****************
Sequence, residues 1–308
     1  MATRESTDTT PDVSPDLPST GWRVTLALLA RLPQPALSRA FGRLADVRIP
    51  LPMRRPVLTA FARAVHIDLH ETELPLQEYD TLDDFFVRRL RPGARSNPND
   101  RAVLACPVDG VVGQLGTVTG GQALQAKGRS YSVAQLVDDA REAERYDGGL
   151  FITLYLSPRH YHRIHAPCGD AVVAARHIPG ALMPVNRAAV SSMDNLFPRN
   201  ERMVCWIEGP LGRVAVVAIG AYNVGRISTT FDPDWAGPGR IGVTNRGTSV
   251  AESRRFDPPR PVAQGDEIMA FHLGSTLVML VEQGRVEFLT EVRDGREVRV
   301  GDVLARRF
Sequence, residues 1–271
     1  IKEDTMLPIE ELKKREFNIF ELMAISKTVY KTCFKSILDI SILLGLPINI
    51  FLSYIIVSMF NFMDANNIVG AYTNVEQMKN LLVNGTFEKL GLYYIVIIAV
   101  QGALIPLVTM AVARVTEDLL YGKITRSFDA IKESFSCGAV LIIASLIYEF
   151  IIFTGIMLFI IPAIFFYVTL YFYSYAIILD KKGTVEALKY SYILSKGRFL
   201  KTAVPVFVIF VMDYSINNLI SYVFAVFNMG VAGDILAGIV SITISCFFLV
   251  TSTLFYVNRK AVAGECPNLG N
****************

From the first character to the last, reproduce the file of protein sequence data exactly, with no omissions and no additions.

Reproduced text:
Sequence, residues 1–308
     1  MATRESTDTT PDVSPDLPST GWRVTLALLA RLPQPALSRA FGRLADVRIP
    51  LPMRRPVLTA FARAVHIDLH ETELPLQEYD TLDDFFVRRL RPGARSNPND
   101  RAVLACPVDG VVGQLGTVTG GQALQAKGRS YSVAQLVDDA REAERYDGGL
   151  FITLYLSPRH YHRIHAPCGD AVVAARHIPG ALMPVNRAAV SSMDNLFPRN
   201  ERMVCWIEGP LGRVAVVAIG AYNVGRISTT FDPDWAGPGR IGVTNRGTSV
   251  AESRRFDPPR PVAQGDEIMA FHLGSTLVML VEQGRVEFLT EVRDGREVRV
   301  GDVLARRF
Sequence, residues 1–271
     1  IKEDTMLPIE ELKKREFNIF ELMAISKTVY KTCFKSILDI SILLGLPINI
    51  FLSYIIVSMF NFMDANNIVG AYTNVEQMKN LLVNGTFEKL GLYYIVIIAV
   101  QGALIPLVTM AVARVTEDLL YGKITRSFDA IKESFSCGAV LIIASLIYEF
   151  IIFTGIMLFI IPAIFFYVTL YFYSYAIILD KKGTVEALKY SYILSKGRFL
   201  KTAVPVFVIF VMDYSINNLI SYVFAVFNMG VAGDILAGIV SITISCFFLV
   251  TSTLFYVNRK AVAGECPNLG N